Wednesday evening, residents of Pine Crest Nursing Home were treated to a drop-in visit from three local certified therapy dogs as well as three therapy dog hopefuls.
Kiva, a five-year-old Golden Retriever and her owner Mark Mehlos have been certified for just over two years while her co-workers, Legend (a three-year-old Doberman Pinscher) and Maggie (three-year old New Foundland) and their handlers Rose Wendorf and Eileen Guhthrie have been certified for just over a year.
All three pairs are members of Cheyenne, WY-based Alliance of Therapy Dogs (ATD), founded in 1990.
As Eileen explains, most dogs and handlers are steered in the direction of ATD upon their dogs displaying characteristics favorable for therapy dogs such as a calm, patient demeanor and a social personality, for example. Those interested in becoming certified must then be observed during three public visits, with observation applying to both the handler and the dogs. Upon successful observations, the dog/handler duo may then proceed with applying for certification.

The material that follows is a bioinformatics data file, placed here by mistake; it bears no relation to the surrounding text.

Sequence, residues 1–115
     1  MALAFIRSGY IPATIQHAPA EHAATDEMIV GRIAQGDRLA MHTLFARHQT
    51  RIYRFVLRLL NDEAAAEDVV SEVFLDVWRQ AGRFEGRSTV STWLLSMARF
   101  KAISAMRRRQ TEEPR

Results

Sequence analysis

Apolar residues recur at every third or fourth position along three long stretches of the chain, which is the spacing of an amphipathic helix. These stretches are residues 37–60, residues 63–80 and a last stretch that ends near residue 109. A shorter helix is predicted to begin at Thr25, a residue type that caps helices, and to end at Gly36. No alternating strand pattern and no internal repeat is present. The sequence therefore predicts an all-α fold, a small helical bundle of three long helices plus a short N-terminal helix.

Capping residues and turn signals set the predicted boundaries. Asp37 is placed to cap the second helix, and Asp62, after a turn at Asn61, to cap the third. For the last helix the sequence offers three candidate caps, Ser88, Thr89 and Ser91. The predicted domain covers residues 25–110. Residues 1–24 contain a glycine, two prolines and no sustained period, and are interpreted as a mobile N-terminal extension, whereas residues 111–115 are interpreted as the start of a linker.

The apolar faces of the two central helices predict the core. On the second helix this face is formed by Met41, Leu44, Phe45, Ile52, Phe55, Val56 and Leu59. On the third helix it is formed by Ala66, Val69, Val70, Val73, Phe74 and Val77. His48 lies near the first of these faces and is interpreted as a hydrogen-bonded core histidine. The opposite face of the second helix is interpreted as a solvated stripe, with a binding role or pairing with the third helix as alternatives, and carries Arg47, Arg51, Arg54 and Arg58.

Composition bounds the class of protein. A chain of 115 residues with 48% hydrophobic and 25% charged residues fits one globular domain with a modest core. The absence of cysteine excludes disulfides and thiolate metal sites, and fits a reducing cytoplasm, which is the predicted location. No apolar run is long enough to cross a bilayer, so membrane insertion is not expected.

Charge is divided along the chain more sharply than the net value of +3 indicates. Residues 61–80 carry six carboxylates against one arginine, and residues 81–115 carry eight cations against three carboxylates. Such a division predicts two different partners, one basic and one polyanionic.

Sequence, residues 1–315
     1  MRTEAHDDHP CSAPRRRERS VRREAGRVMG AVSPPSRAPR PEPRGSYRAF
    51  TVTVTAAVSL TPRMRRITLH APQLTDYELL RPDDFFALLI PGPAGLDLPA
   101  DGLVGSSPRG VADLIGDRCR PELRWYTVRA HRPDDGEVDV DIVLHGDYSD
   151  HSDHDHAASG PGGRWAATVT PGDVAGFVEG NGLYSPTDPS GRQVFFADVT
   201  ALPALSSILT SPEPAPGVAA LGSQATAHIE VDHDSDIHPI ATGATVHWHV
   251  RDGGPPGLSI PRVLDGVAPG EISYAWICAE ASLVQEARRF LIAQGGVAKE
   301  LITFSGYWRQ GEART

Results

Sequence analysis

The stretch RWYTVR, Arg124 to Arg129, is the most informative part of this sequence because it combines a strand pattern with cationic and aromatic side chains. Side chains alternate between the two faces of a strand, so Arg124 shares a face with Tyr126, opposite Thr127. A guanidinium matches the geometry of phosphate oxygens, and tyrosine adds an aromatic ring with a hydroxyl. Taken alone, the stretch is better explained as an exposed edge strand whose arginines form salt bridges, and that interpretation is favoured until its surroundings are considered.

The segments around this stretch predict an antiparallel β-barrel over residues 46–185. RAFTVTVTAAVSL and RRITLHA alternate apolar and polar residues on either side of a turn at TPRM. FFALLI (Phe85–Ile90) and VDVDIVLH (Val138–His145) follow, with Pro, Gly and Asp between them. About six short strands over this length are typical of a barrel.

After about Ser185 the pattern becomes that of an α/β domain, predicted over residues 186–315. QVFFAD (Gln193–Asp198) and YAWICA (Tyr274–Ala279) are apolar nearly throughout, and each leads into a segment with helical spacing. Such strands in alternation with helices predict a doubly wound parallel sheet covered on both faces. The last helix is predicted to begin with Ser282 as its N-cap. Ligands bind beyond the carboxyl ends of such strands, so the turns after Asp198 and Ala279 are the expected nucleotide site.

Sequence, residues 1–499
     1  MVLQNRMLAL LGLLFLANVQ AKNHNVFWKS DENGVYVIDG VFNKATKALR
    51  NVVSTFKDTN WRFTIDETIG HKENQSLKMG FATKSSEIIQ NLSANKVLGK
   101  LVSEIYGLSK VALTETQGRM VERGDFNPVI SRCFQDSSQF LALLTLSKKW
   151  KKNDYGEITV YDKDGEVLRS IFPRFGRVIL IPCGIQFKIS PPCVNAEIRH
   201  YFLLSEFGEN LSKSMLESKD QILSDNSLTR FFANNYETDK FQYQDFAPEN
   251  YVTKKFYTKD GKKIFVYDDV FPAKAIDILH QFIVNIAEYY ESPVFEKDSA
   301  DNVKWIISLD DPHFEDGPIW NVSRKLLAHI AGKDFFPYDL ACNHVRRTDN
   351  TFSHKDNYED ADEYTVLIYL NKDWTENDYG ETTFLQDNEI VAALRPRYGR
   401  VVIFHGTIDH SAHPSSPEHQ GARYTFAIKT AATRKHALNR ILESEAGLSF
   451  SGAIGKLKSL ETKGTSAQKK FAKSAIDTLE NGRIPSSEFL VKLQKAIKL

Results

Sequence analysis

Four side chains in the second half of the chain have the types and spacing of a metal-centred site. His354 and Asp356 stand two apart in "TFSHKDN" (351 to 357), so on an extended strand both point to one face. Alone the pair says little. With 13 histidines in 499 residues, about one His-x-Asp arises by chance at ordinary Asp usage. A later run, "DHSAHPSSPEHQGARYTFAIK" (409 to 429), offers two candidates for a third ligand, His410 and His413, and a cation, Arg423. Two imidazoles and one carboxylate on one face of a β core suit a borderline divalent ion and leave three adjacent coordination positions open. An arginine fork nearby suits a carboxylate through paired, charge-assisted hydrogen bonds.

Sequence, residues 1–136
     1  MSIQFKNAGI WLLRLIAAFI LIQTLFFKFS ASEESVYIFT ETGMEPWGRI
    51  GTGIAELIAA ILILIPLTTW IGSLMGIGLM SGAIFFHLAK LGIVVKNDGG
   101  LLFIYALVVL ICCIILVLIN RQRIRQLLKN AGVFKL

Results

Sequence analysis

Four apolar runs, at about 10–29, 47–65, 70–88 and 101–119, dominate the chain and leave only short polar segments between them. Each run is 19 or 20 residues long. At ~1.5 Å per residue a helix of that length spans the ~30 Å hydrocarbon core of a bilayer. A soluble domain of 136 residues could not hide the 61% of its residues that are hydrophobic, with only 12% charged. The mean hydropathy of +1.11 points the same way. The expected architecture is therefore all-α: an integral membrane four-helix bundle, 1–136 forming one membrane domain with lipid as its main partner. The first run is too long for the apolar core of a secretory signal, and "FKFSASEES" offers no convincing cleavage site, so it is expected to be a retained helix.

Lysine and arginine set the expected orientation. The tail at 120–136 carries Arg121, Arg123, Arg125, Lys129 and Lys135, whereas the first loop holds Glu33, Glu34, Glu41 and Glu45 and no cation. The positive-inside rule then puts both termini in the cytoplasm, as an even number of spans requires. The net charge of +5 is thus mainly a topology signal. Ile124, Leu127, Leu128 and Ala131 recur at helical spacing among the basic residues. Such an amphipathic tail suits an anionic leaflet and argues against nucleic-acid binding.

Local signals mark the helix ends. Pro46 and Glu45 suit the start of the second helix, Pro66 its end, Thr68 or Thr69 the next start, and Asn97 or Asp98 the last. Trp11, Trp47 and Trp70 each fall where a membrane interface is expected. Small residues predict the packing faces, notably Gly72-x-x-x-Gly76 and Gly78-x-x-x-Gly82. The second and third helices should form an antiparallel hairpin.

While maintaining certification requires a minimum of four visits per year, most dogs make twice that many visits to various locations each year. In fact, Wednesday was Ms. Maggie’s 50th visit since last November and was Mr. Legend’s 45th visit since December. Pine Crest is just one of many local stops for the dogs, along with Kindhearted Home Care, Bell Tower Residence and T.B. Scott Library. Generally speaking, most therapy dogs on average visit a couple times per week.
As Pine Crest administrator Lisa Gervais explains, visits from the dogs prove beneficial for residents in a variety of ways.
“Most of our residents just love animals! Many had pets at home at some point. Having a chance to hold or interact with a dog makes a huge difference in their lives and sometimes may trigger fond memories in their personal lives,” she said.
“On the other hand, some residents may not have had animals or had much interaction with them, but they still enjoy the interaction. Generally speaking, the dogs coming to visit just makes a positive and notable difference with our residents. Even for those who are unable to communicate very well, the benefits from therapy dogs are very similar to that of music therapy. They may not be able to verbalize or express their happiness from the interaction, but the positive effect is very evident. Whether it be a smile or just the happiness in their eyes, it’s great to see and I think the dogs really enjoy it too.”